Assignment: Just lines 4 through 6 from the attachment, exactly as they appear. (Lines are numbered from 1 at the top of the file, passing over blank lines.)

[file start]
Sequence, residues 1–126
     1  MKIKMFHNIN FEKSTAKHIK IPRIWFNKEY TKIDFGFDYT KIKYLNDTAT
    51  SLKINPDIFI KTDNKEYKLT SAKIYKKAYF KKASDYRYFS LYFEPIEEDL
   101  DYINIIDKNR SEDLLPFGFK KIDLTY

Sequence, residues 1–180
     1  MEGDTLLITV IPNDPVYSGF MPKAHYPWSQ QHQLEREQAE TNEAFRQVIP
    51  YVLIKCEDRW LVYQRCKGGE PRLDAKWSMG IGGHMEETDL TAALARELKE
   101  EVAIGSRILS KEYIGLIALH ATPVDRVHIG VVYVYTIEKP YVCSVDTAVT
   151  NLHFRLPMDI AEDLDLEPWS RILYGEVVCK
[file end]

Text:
   101  DYINIIDKNR SEDLLPFGFK KIDLTY

Sequence, residues 1–180
     1  MEGDTLLITV IPNDPVYSGF MPKAHYPWSQ QHQLEREQAE TNEAFRQVIP